RESULTS

      The patients included in our analysis were treated between June 2019 and December 2021. The original dataset contained data on 3799 treatments administered to 518 patients. Within this cohort, 33.8% (n=175) were diagnosed with IC/BPS (self-reported). Six participants (3.4%) reported a pelvic pain level ≤2 and 29 (16.6%) did not self-select for therapy. Therefore, 140 (82.3%) were eligible for our study and included in the final analysis. Although this was not an experimental study that would allow us to conduct an intention-to-treat analysis, a comparison between the included and excluded groups revealed no baseline differences in age (P=984), overall pelvic pain level (P = .060), pain duration (P=.791), prior treatment with pelvic PT (P=.693), and gynecologic pain co-morbidities such as endometriosis (P = .103), dyspareunia (0.783), and vulvodynia (P=.078).
      Among the 140 who self-selected for therapy, 89.3% (n=125) finished 4 treatments and 59.3% (n=83) finished 8 treatments and provided data at the 9th visit. The characteristics of the study cohort, including average pain levels, additional symptoms, and pain co-morbidities are shown in Table 1. Of those who completed 8 treatments, 87.2% (n=75) had one or more additional pain diagnoses including endometriosis, vulvodynia, vaginismus, painful bowel movements, and pelvic myalgia. Regarding urinary symptoms, 83.1% (n=69) also reported having frequency and / or urgency, 73.5% (n=61) had pain with urination in addition to pelvic pain, and 57.8% (n=48) had both frequency / urgency and dysuria.
      Table 1Demographic, pain, and pain co-morbidities of the patients included in the analysis (n=83)
      CharacteristicValue
      Mean Age Years (SD, Median, Range)48.2 (15.1, 48, 16-75)
      Overall pelvic pain severity on 0-10 NRS, mean (SD)6.7 (2.2)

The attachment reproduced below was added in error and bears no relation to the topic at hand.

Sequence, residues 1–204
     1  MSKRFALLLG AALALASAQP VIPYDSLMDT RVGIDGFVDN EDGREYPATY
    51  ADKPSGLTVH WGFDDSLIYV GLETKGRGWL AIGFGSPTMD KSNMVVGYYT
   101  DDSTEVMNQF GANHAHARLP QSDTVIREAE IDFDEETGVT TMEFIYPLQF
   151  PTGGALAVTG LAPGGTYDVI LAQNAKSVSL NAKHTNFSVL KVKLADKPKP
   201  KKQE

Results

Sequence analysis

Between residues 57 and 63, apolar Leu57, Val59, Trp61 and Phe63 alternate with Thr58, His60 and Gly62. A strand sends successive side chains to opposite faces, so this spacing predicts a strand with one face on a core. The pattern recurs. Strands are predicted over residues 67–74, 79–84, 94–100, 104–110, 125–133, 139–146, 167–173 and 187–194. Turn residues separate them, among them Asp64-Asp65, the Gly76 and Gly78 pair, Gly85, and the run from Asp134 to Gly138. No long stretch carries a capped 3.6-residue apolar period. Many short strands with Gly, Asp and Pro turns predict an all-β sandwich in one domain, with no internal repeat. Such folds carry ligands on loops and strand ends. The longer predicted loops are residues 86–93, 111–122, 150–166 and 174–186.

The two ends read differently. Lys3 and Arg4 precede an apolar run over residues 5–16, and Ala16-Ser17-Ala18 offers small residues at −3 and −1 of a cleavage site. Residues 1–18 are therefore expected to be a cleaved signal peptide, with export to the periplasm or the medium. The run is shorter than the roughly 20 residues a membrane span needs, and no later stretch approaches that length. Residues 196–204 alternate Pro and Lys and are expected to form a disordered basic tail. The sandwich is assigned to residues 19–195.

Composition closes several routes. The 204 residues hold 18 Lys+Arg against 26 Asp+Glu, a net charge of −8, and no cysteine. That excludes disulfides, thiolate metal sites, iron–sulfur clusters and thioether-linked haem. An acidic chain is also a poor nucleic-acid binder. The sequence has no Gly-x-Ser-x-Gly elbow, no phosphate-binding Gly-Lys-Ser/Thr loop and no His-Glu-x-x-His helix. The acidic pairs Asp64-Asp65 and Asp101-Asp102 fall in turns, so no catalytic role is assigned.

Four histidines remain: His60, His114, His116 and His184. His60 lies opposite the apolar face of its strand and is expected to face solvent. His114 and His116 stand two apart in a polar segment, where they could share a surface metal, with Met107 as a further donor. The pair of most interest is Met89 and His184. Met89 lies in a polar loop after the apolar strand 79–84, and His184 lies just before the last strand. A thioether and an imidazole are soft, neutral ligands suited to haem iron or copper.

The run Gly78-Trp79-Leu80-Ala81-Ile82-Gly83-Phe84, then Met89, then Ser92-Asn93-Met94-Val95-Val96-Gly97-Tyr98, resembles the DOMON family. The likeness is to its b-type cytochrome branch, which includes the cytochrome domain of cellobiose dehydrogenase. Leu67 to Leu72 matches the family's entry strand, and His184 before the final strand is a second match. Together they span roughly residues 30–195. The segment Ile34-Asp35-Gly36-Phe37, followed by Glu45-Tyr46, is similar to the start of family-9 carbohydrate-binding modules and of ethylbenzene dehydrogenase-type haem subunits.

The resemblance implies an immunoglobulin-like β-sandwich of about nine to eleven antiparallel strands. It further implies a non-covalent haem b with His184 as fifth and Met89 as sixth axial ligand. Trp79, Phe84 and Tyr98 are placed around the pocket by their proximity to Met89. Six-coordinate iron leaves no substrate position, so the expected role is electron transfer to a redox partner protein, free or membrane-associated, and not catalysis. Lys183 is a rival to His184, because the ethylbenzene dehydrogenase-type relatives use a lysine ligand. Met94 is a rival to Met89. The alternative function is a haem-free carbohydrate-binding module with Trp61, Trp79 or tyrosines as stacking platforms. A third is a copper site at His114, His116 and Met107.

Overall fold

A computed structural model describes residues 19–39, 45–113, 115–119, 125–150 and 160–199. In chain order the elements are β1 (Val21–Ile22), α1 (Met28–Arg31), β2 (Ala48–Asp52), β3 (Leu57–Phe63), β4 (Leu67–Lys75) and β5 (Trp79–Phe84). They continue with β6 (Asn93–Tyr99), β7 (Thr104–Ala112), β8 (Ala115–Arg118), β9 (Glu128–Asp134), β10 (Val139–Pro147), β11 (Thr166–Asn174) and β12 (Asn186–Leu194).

Pelvic pain duration, n (%)
       <1 year7 (11.5)
       >1 year5 (8.2)
       >2 years5 (8.2)
       >3 years8 (13.1)
       >4 years36 (59.0)
      Urgency / Frequency, n (%)69 (83.1)
      Incontinence, n (%)29 (34.9)
      Pain with urination61 (73.5)
      Pain with urination severity on 0-10 NRS, mean (SD)5.9 (2.7)
      Pain with urination duration, n (%)
       <1 year8 (9.6)
       >1 year5 (6.0)
       >2 years8 (9.6)
       >3 years10 (12.1)
       >4 years52 (62.7)
      Co-morbid pain conditions
      Endometriosis n (%)16 (19.3)
      Dyspareunia n (%)43 (51.8)
      Vulvodynia n (%)33 (39.8)
      Pelvic floor myalgia n (%)61 (73.5)
      Pain with bowel movements42 (50.6)
      Vaginismus16 (19.3)
      In the group that completed treatment, 73.5% (n=61) improved by at least 1 NRS point. Clinically significant improvement, ≥ 2 NRS points reduction, was reported by 63.9% (n=53). Changes in pain levels over time and comparisons before baseline and after 8 treatments are depicted in Fig 1. Statistically significant improvements in pain were reported for all pain outcomes. After photobiomodulation, clinically significant improvements were found in overall pain, pain with intercourse, urination, and exercise (Fig 2).
      Figure 1:
      Figure 1Average pain level at each visit over the of treatment and comparison between baseline pain severity and pain severity after 8 treatments. (Color version available online.)
      Figure 2:
      Figure 2Percentage pain severity decrease, minimally clinical important difference, and effect size, comparing baseline to after 8 treatments. (Color version available online.)
      In multivariable analysis, the following variables were not associated with clinically significant improvement in overall pelvic pain: longer pelvic pain duration (OR=1.3, 95%CI 0.9-1.7), one or more co-morbidities (OR=1.5, 95%CI 0.5-4.5), presence of dysuria (OR=2.1, 95%CI 0.8-5.4) and longer dysuria duration (OR=1.6; 95% CI 1.1-2.3). Of those who initially reported having urinary frequency/urgency (n=68), 69.9% reported on this symptom again at the end of treatment. In this group, 53.4% (n=36) had improved urgency, 36.2% (n=21) reported no improvement, and 10.3% (n=6) reported worsening urgency.